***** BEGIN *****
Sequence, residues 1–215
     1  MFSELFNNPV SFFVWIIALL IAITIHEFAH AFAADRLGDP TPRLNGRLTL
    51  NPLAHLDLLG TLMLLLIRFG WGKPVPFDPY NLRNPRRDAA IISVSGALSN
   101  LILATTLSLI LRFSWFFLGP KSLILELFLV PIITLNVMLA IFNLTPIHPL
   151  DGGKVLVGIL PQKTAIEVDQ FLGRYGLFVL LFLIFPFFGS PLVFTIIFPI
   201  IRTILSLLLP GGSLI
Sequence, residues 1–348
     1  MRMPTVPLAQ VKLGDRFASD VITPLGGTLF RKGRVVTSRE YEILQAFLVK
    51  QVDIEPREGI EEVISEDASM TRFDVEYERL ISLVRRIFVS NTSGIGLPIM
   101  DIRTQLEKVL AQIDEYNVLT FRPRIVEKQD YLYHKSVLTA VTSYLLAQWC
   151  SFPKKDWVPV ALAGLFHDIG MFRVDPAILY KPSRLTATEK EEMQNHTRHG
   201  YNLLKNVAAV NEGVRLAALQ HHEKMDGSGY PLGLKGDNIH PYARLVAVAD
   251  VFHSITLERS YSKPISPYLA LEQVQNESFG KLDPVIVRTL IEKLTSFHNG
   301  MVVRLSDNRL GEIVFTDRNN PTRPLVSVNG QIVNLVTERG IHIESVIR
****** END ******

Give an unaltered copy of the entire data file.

Sequence, residues 1–215
     1  MFSELFNNPV SFFVWIIALL IAITIHEFAH AFAADRLGDP TPRLNGRLTL
    51  NPLAHLDLLG TLMLLLIRFG WGKPVPFDPY NLRNPRRDAA IISVSGALSN
   101  LILATTLSLI LRFSWFFLGP KSLILELFLV PIITLNVMLA IFNLTPIHPL
   151  DGGKVLVGIL PQKTAIEVDQ FLGRYGLFVL LFLIFPFFGS PLVFTIIFPI
   201  IRTILSLLLP GGSLI
Sequence, residues 1–348
     1  MRMPTVPLAQ VKLGDRFASD VITPLGGTLF RKGRVVTSRE YEILQAFLVK
    51  QVDIEPREGI EEVISEDASM TRFDVEYERL ISLVRRIFVS NTSGIGLPIM
   101  DIRTQLEKVL AQIDEYNVLT FRPRIVEKQD YLYHKSVLTA VTSYLLAQWC
   151  SFPKKDWVPV ALAGLFHDIG MFRVDPAILY KPSRLTATEK EEMQNHTRHG
   201  YNLLKNVAAV NEGVRLAALQ HHEKMDGSGY PLGLKGDNIH PYARLVAVAD
   251  VFHSITLERS YSKPISPYLA LEQVQNESFG KLDPVIVRTL IEKLTSFHNG
   301  MVVRLSDNRL GEIVFTDRNN PTRPLVSVNG QIVNLVTERG IHIESVIR